With existing-home sales continuing their upward trajectory, many economists believe that the housing market is well past the recovery phase. Lawrence Yun, the chief economist for the National Association of Realtors (NAR), believes the market is in a boom phase, with home sales comparable to pre-pandemic levels. "With the sizeable shift in remote work," he says, "current homeowners are looking for larger homes, and this will lead to a secondary level of demand even into 2021."
Homes Sold in Record Time
The increase in demand from buyers was evident in the amount of time properties remained on the market. The average property was available for sale for only 22 days in July, down from 24 days in June and 29 days a year ago. Of all the homes sold in July, 68% were available for less than a month. The short time from "for sale" to "sold" is evidence of the housing shortage that continues to plague the market. By the end of July, total housing inventory declined 2.6% from a month earlier and a staggering 21.1% from a year earlier. At the current sales pace, unsold inventory would supply the market for only 3.1 months, down from 3.9 months in June and 4.2 months in July 2019. According to Yun, this lack of inventory will impact sales. "The number of new listings is increasing, but they are quickly taken out of the market from heavy buyer competition. More homes need to be built."
Property Prices Climb
The lack of inventory is leading to an increase in home prices. In its latest data release for metro home prices, NAR recorded that in 2020's second quarter median single-family home prices increased in 96% of measured markets when compared to a year earlier. Median prices climbed 8.5% year over year. What's more, every sales region in the country recorded price gains. Home prices have seen year-over-year increases for the past 101 consecutive months; July's price increase marked the first time median home prices climbed above the $300,000 level.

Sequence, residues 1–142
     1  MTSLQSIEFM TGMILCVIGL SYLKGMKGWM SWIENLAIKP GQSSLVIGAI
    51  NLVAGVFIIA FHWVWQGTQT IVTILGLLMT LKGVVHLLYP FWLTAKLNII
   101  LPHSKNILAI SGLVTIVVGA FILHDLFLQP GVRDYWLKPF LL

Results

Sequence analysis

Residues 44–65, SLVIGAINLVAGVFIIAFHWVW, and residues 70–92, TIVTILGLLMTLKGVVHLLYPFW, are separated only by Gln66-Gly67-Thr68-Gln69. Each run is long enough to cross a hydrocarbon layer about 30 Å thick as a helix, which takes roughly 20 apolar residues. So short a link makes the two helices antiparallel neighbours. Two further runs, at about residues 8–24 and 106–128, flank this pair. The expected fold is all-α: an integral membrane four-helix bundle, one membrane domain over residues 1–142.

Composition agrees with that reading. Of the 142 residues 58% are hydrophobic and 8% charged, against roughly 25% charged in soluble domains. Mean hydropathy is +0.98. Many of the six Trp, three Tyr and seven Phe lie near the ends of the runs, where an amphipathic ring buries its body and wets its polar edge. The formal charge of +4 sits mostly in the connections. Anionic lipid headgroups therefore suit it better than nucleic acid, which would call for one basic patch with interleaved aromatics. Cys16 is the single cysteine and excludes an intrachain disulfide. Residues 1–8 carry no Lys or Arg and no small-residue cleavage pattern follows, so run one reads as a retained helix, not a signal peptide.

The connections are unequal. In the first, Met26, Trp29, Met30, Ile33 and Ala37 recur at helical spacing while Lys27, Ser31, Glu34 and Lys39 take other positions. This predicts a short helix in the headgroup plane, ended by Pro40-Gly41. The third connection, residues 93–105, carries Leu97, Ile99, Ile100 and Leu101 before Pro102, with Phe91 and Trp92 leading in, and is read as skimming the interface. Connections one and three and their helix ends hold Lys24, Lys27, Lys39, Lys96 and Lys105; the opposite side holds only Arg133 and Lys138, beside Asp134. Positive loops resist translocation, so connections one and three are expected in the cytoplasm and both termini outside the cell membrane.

Regional Sales Breakdown for July 2020
Every sales region in the country reported double-digit, month-over-month increases. Only the Northeast saw a decline in year-over-year sales. Median home prices climbed in every region when compared to July 2019 data.
Northeast: Existing-home sales annual rate of 640,000; an increase of 30.6% from June 2020, but a decrease of 5.9% from July 2019. The median sales price ($317,800) increased 4% from July 2019.
Midwest: Existing-home sales annual rate of 1.39 million; an increase of 27.5% from June 2020 and 10.3% from July 2019. The median sales price ($244,500) increased 8% from July 2019.
South: Existing-home sales annual rate of 2.59 million; an increase of 19.4% from June 2020 and 12.6% from July 2019. The median sales price ($268,500) increased 9.9% from July 2019. West: Existing-home annual rate of 1.24 million; an increase of 30.5% from June 2020 and 7.8% from July 2019. The median price ($453,800) increased 1.3% from July 2019.